My quest to start a whoopie pie stand of my very own in a Chicago farmers market.
I had high hopes for this radical recipe, but unfortunately I let my excitement cloud my judgment. Before using that recipe, the author recommends several things, among them “knowing your oven.” That is, figuring out how hot it actually gets versus how hot you tell it to get and observing the differences in heat relative to different rack positions. Did I do either of those things before jumping fresh-egg-whites first into the recipe though? No. So should I have been surprised when the great majority of my pretty little pink macarons came out like this?
No. But I still was.
“Woe!” I cried.
Crunch, was my boyfriend’s reply. “They’re different…” said he.
Yes, so on top of baking them in unknown temperatures on a rack with uneven heat distribution, I may have also baked them too long…or maybe all of those things just go hand-in-hand…and ended up with cracked, crunchy macaron shells. Well, mostly cracked, crunchy macaron shells. I did get a few beauties:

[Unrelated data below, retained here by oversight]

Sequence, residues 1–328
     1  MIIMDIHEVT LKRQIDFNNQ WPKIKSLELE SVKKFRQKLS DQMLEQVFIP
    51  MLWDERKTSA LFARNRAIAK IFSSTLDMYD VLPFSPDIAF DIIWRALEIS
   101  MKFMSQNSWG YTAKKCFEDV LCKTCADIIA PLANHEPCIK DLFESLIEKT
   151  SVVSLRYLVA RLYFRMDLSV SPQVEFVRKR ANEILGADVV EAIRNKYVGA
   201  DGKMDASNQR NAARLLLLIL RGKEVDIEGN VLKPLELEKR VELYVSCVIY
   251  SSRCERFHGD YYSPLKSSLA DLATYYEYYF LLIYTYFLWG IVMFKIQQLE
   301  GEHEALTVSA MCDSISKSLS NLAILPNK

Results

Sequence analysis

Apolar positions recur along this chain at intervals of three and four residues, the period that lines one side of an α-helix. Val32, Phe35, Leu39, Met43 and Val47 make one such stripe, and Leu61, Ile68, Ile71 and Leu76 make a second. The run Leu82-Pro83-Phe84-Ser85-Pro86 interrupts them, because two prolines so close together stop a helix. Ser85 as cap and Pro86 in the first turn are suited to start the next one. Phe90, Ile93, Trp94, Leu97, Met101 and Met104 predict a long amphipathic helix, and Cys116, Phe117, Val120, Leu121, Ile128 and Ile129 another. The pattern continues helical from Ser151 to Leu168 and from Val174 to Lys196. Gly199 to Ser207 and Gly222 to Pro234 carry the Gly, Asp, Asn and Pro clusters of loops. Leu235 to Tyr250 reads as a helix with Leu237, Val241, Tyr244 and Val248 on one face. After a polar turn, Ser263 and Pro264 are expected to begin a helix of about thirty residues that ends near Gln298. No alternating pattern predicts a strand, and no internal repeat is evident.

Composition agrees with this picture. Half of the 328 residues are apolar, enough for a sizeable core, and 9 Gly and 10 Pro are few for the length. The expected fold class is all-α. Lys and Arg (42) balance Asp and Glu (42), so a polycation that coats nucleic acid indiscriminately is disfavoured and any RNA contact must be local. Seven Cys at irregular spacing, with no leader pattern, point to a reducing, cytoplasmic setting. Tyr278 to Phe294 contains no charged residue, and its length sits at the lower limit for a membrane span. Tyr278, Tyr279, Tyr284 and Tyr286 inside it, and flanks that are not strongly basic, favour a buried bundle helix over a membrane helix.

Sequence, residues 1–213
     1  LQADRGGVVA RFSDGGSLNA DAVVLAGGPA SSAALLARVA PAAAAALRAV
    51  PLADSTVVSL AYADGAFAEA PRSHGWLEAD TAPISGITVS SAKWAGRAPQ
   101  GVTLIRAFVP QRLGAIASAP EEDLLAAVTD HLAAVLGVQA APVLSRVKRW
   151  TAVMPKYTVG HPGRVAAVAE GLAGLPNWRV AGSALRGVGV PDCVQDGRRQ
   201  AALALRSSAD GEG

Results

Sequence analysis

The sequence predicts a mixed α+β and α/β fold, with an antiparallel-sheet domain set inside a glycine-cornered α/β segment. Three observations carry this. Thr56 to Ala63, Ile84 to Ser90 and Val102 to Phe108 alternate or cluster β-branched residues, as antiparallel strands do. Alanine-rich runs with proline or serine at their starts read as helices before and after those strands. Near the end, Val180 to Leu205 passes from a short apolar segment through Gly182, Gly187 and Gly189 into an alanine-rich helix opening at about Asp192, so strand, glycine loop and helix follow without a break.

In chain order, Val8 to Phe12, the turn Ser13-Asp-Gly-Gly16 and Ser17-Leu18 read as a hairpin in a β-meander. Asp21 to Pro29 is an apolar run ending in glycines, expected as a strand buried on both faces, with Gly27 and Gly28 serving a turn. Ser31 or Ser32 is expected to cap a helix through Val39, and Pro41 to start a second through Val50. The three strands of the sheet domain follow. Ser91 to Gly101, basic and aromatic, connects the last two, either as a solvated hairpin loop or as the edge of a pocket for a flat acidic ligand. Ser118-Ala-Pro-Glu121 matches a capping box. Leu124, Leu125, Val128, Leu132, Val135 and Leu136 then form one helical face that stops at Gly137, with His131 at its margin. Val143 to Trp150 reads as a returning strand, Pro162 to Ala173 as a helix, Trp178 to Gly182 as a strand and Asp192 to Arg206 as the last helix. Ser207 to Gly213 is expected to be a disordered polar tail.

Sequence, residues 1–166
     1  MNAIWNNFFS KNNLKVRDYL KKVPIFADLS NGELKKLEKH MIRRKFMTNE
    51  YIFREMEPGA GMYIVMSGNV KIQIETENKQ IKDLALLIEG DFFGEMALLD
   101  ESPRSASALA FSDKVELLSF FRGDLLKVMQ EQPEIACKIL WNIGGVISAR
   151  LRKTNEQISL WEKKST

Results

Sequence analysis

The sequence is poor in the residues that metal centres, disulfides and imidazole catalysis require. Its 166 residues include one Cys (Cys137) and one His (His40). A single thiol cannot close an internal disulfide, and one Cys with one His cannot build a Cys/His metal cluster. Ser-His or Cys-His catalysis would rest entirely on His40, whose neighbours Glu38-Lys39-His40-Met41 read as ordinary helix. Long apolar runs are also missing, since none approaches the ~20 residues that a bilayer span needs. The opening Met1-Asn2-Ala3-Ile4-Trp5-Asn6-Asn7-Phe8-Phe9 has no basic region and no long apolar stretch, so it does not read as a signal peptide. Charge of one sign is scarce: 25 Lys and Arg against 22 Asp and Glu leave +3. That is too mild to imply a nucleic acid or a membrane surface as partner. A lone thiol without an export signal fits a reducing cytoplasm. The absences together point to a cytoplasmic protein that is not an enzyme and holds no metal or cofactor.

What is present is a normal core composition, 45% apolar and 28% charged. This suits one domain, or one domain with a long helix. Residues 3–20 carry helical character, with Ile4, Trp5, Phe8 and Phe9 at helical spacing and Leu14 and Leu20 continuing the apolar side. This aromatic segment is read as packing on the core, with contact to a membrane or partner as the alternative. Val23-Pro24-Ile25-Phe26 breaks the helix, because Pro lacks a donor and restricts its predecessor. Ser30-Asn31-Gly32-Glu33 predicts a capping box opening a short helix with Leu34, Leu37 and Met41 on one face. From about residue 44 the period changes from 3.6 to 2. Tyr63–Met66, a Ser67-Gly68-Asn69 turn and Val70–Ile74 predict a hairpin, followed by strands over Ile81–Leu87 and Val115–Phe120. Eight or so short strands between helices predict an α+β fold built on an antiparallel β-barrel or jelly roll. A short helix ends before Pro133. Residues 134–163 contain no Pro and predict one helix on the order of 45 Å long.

Which were then turned into some truly drool-worthy macarons.
So I went from underbaked in my first two experiments to some kind of overbaked, BUT, when sandwiched together with cinnamon buttercream (to which can I just say: !!!!!) and left to “mature” in the fridge overnight, they went over extreeeeemely well with friends, some of whom had never even tried a macaron. I have a feeling a few other things could have gone wrong as well to cause the cracking, but I definitely first need to get to know my oven better before I mess with anything else. I think it was pretty telling that the only good shells I got came from directly in the center of the baking sheet.
As for my hand mixer? Still beating like a trooper! In fact my arms got much more fatigued than the mixer, which was really put through its paces for a 12-minute meringue-whipping session followed several hours later by a 10-minute Swiss-buttercream-whipping frenzy. Oh by the way, have I mentioned Swiss buttercream?